These magical little dried porcini mushrooms (above) are miraculous. How they have so much flavor packed into their little crinkled selves is beyond me. Amazingly, they create liquid gold when re-hydrated and this soaking liquid is as valuable as the mushrooms themselves. I bought a 1 oz package for $7. In the gravy I used 1/3 of that (including the soaking liquid of course!). Porcini can be overpowering depending on your taste, but if you would like a more intense flavor in your gravy I highly recommend increasing the porcini to 1/2 oz.
In order for the crimini mushrooms (above) not to release liquid into the gravy and thin it, they have to be sauteed until they stop releasing moisture. When mushrooms have reached this point, they have been cooked "au sec"...until dry. They will be nicely browned, which will also add flavor to your gravy.
When you have brought everything together in one pan and have let them mingle for a few minutes, slowly whisk in your slurry of cornstarch and water while simmering the sauce. Season with salt and balsamic vinegar.
Caramelized Onion, Crimini, and Porcini Gravy
For the Stock:
- 3-4 Celery stalks
- 1 Medium sized carrot
- 1/2 Large onion
- 2, 2x3 Inch pieces kombu (approx.)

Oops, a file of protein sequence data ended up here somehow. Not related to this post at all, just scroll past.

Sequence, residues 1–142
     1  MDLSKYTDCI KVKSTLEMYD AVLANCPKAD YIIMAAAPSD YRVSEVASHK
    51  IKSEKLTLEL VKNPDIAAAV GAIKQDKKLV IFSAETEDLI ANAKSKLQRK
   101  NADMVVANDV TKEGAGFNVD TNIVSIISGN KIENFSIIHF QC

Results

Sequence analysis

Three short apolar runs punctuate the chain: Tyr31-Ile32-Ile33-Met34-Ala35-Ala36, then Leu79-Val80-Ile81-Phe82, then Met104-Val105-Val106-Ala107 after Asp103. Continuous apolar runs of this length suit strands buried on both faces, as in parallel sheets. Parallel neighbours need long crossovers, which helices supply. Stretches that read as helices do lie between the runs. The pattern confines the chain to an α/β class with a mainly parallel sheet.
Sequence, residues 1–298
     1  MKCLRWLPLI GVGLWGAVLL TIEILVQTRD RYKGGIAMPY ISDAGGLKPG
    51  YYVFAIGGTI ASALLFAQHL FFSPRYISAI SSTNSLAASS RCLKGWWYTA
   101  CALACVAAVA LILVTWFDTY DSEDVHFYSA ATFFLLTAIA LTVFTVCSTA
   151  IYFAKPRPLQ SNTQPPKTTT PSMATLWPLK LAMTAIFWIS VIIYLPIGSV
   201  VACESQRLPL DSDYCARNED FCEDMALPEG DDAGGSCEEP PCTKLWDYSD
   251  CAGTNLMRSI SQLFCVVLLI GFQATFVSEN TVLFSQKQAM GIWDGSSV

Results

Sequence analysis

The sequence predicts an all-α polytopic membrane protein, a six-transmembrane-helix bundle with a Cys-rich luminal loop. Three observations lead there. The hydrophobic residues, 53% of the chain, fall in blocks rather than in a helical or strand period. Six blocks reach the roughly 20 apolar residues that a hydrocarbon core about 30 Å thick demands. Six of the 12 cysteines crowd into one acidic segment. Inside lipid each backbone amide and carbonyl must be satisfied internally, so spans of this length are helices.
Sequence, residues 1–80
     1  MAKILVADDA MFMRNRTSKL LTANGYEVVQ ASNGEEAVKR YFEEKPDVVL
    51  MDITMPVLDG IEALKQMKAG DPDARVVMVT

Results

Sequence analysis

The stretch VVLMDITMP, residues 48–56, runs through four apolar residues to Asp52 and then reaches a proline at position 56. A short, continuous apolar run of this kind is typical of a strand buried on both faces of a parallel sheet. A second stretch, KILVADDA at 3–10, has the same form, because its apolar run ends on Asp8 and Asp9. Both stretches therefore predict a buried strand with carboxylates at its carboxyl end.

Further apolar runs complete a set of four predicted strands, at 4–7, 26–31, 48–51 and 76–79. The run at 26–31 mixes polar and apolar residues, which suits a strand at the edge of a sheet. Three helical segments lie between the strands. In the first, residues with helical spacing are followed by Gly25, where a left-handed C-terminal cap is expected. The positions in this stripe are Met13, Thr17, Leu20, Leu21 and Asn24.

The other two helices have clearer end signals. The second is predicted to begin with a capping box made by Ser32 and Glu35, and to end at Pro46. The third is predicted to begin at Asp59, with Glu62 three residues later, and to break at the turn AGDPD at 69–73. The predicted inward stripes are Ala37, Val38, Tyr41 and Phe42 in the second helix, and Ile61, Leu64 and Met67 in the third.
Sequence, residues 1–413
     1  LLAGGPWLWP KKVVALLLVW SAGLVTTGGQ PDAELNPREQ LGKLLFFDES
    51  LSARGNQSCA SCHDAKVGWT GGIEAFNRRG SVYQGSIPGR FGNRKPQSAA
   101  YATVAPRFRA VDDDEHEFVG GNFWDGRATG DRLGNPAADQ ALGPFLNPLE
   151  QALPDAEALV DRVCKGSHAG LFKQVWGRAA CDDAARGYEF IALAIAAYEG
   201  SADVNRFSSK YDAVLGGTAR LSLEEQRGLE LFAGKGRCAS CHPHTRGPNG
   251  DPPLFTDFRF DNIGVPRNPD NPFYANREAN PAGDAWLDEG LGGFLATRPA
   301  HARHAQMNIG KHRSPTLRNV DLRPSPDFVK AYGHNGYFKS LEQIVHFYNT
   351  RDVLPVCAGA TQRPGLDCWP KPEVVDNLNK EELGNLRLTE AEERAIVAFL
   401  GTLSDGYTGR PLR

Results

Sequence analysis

- 6 Sprigs fresh thyme, or more
- 3 Large cloves garlic
- 6 C water
For the Gravy:
- 3 Medium sized sweet, brown or yellow onions
- 2 Tbsp extra virgin olive oil, divided
- 1/3 Oz dried porcini
- 1/2 C hot water
- 1/2 Lb crimini mushrooms
- 1 Medium clove garlic
- 2 Tbsp mirin
- 5 C vegetable broth (see above)
- 1 Tbsp fresh thyme leaves
- 1 1/2 Tsp sea salt
- 4 Tbsp cornstarch
- 1/4 C cold water
- 1/2-1 Tsp balsamic vinegar
To make the stock, begin by rinsing the celery and lightly scrubbing the carrot to remove any loose dirt. Chop them in 1/4 inch thick pieces. Cut the onion in half, remove just the roots at the bottom, and slice it with the skin on into 1/4 inch pieces. Smash and roughly chop the garlic, skin on. Place the celery, carrot, onion, garlic, kombu and thyme in a lidded pot with 7 C water. Bring the stock to a boil, loosely cover the pot to avoid boiling over, and maintain a medium simmer for 40 minutes. When the stock is finished, strain it and measure 5 cups for the recipe. Save any extra in the refrigerator or freezer.